The Senate Banking Committee unanimously approved Elad Roisman's nomination to become an SEC commissioner on Thursday.
The final hurdle for Mr. Roisman's nomination is a vote in the full Senate, which has yet to be scheduled. Mr. Roisman, a Republican who now serves as chief counsel to the Senate Banking Committee, was nominated by the White House in June to replace Michael S. Piwowar, a Republican who resigned from the five-member commission this summer.
In testimony last month, Mr. Roisman told committee members that his work experience would benefit him in his return to the Securities and Exchange Commission. Prior to his current role with the Senate Banking Committee, he served as the SEC's senior counsel and securities counsel. From 2012 to mid-2014, he worked as counsel to Republican SEC Commissioner Daniel M. Gallagher, and before starting his career in government, worked in the legal department of NYSE Euronext and practiced corporate and securities law at Milbank, Tweed, Hadley & McCloy.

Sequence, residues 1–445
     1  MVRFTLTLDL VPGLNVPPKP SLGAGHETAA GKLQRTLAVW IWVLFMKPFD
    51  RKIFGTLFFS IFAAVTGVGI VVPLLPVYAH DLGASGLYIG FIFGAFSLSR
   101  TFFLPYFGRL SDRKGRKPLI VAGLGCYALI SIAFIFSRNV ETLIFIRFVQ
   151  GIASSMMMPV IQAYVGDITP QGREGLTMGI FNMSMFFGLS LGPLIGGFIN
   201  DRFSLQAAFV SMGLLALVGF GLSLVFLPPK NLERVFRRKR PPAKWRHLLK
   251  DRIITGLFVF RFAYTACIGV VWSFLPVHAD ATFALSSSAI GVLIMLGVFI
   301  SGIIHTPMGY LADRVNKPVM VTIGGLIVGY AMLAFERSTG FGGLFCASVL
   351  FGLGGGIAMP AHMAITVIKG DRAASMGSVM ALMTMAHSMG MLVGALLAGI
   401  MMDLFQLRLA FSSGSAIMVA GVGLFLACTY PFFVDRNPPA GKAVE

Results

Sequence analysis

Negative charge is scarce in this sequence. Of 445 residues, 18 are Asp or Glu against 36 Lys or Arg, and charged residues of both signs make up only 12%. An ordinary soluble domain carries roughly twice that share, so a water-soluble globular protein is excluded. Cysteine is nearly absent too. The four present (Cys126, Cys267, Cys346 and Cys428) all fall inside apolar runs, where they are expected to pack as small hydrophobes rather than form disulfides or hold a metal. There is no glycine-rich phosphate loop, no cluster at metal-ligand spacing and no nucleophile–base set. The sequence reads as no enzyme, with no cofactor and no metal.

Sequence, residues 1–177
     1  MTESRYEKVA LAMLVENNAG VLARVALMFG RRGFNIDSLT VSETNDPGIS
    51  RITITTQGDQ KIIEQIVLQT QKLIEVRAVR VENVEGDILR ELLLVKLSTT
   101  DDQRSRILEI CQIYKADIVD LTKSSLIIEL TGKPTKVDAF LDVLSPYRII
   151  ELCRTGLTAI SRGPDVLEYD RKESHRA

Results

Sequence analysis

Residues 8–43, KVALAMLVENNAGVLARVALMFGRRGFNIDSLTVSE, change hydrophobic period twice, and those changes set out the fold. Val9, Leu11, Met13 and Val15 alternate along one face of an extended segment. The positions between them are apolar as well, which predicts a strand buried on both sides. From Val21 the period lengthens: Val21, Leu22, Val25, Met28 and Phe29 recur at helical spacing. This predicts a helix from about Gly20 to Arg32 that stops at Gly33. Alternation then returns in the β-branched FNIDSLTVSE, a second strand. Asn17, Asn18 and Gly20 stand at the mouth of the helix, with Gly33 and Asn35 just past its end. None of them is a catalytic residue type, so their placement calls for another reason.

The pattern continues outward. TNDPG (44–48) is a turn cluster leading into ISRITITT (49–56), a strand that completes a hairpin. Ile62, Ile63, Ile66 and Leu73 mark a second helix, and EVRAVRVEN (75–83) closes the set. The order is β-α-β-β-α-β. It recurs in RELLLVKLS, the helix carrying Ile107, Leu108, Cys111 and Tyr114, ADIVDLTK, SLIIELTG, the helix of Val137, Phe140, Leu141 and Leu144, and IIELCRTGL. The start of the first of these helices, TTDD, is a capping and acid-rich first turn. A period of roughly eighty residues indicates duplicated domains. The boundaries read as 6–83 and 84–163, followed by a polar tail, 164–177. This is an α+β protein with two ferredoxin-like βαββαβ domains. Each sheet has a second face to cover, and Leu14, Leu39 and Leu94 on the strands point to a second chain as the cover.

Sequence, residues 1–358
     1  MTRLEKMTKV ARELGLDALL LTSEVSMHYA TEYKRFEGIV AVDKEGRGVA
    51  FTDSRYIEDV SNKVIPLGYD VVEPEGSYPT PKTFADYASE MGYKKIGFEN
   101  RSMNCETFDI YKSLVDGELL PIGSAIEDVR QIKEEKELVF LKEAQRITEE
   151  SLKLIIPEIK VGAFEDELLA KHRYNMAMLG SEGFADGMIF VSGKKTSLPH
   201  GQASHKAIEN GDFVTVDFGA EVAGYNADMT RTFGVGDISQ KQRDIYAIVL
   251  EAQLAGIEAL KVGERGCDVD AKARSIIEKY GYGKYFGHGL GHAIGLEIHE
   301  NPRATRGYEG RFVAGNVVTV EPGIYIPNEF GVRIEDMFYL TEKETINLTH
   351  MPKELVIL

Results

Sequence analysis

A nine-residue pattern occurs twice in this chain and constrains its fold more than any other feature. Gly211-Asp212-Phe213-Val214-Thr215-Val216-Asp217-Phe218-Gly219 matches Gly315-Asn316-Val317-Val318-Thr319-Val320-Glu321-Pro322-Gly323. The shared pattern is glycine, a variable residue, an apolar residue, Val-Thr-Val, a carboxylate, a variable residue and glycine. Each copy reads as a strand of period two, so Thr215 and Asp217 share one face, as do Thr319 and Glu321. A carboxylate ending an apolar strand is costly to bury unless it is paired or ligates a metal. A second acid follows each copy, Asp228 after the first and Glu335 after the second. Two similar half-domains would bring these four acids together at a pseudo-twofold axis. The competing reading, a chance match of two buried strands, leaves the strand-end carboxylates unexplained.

Sen. Mike Crapo, R-Idaho, chairman of the committee, said Mr. Roisman "has been a valued adviser and resource to many on the committee" and has "developed a vast knowledge of securities law in his previous roles."
Republican and Democratic SEC candidates traditionally are presented together for nomination in the Senate, but Democrats have yet to nominate someone to replace Commissioner Kara Stein, who is ineligible to serve past December. No more than three commissioners may belong to the same political party, so a fellow Democrat must replace Ms. Stein. Allison Lee, a former enforcement attorney at the SEC, is reportedly the Democrat's choice, but there has been no formal nomination.
The committee members did not discuss Mr. Roisman's nomination at length Thursday, instead focusing most of their attention on Kathleen Kraninger, who is nominated to become director of the of Consumer Financial Protection Bureau. Her nomination was approved along party lines in a 13-12 vote.